Wednesday, January 11, 2012

Lighthouse Keepers

Ocracoke Lighthouse was put into service in 1823. It is the oldest operating lighthouse in North Carolina. A dozen men have served as Keepers of the Ocracoke Light.

The keeper was responsible for lighting the lamp at sunset, ensuring that it remained lit throughout the night, and extinguishing it at sunrise. The lamp needed to be filled with fuel daily, and the wick trimmed regularly. The Fresnel lens and lantern room windows had to be cleaned and polished every morning. Keepers were required to shine and polish all of the brass, sweep the floors and stairs, and clean tower windows and sills as needed. They also cleaned, painted, and repaired all of the buildings, including the keeper's dwelling, chimneys, privies, outbuildings, and the tower itself. In addition, keepers were required to maintain all mechanical equipment, weed walkways, paint and maintain the fence, and see that the grounds were presentable. They kept a log book, recorded weather readings, and kept an inventory of all equipment. Keepers were forbidden to leave the light station without permission, and were considered to be on duty 24 hours a day, 7 days a week. They even provided visitors with tours of the lighthouse as needed.

Lighthouse Keeper was a formidable job. Below are the Keepers of the Ocracoke Light, all highly skilled and dedicated public servants:
  • Joshua Taylor (or Tayloe), 1823-1829 (his title was Collector [of Customs] & Superintendent of Lighthouse)
  • Anson Harker, 1829-1846 (first person of record listed as Keeper; Joshua Taylor is listed as Superintendent)
  • John Harker, 1847-1853 (probably Anson Harker's son)
  • Thomas Styron, 1853-1860
  • William J. Gaskill, 1860-1862
  • Enoch Ellis Howard 1862-1897 (the longest serving Keeper; he died in office)
  • J. Wilson Gillikin 1897-1898
  • Tillman F. Smith 1898-1910
  • A.B. Hooper 1910-1912
  • Leon Wesley Austin 1912-1929
  • Joseph Merritt Burrus 1929-1946 (the beacon was electrified in 1929)
  • Clyde Farrow 1946-1954 (the last Keeper of the Ocracoke light; the beacon was fully automated in 1954)
Our latest Ocracoke Newsletter is the story of Ocracoke and the "Lost" Colony. You can read it here:


  1. Anonymous9:31 AM

    what did the light keepers use to clean the lens ? and what was used to polish the brass ? what condition are these items in today -- are these tasks still performed? Did you say the light house is open to the public now?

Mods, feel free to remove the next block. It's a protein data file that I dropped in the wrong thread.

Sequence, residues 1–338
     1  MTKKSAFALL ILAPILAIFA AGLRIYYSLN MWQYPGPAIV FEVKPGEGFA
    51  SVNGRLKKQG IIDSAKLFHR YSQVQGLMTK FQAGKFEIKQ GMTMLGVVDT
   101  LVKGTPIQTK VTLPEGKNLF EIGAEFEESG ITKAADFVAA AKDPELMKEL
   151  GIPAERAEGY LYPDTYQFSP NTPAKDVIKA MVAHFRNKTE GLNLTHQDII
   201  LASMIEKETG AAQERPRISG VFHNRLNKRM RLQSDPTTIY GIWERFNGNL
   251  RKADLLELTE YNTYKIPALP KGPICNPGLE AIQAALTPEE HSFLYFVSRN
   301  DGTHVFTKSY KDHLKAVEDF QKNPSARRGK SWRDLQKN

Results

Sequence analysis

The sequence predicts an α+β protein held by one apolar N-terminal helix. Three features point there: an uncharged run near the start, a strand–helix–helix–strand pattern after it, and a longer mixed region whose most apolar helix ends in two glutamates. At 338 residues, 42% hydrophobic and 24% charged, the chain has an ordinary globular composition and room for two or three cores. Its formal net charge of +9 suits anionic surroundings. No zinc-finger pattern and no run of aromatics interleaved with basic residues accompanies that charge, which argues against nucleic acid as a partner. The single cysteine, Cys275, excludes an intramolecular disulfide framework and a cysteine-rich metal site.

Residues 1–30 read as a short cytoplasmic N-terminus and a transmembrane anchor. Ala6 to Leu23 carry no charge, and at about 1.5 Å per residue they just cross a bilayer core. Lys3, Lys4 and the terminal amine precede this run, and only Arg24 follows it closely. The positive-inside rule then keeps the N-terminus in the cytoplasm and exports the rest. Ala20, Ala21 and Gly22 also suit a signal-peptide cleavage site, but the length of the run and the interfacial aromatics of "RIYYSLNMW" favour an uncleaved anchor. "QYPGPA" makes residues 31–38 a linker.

2. Anonymous9:41 AM

    If a light keeper's house/residence was built is it still standing? What does the interior look like. The light keepers house for Bodie island looks like a very large family could he quite comfortable. Were the light keeps political appointments?

  3. Anon 9:31 & 9:41 -- I do not know the answers to most of your questions (how do you like that for honesty?). The lighthouse property is now owned by the National Park Service, but the US Coast Guard is responsible for the maintenance of the light, which is still considered an aid to navigation. I do not know if NPS employees or Coast Guardsmen keep the brass polished or the Fresnel lens cleaned regularly.

    Major historically accurate repairs were made to the lighthouse, both the interior and exterior, just a couple of years ago.

    The lighthouse is sometimes open for the public to step inside on the ground floor. It is never open to the public for climbing because of the structure's age and other factors.

    The keeper's quarters are adjacent to the lighthouse and outbuildings. The keeper's house is now used as NPS housing. I have not been inside for a number of years, so I do not know what it looks like now.

    I do not know if keepers were political appointments.

    Perhaps one of our readers can answer these questions.

  4. Anonymous3:51 PM

    How refreshing..."I do not know"...4 little words I wish I had heard each time I asked for directions and then got lost.
    We all know someone who answers any question regardless of their knowledge of the subject. I have a niece who would give directions to the nearest spaghetti farm if asked. Her nickname is Gracie, the Encyclopedia of Misinformation.

  5. Anonymous12:59 AM

    well the magic answer box (my apple lap top) with the help of a search engine the results of my query lighthouse keeper political appointment-- thus the answer is yes and the Concord MD lighthouse is all white too oddly resembling the OI LH any whoo-- I thought all lighthouses needed to be if painted be different colors but at night it would not matter what color it was

  6. Anonymous3:53 AM

    I find it interesting to note that the name John Harker (keeper 1847-1853) suggests the fictional character Jonathan Harker, a protagonist from Bram Stoker's famed novel "Dracula." Adds a whole new dimension to thoughts of a solitary light keeper tending a remote, lonely building; midnight walks along sandy lanes; and Ocracoke ghost tours.

    Hmm...seems the seeds of a story there.

    Always interesting, Philip.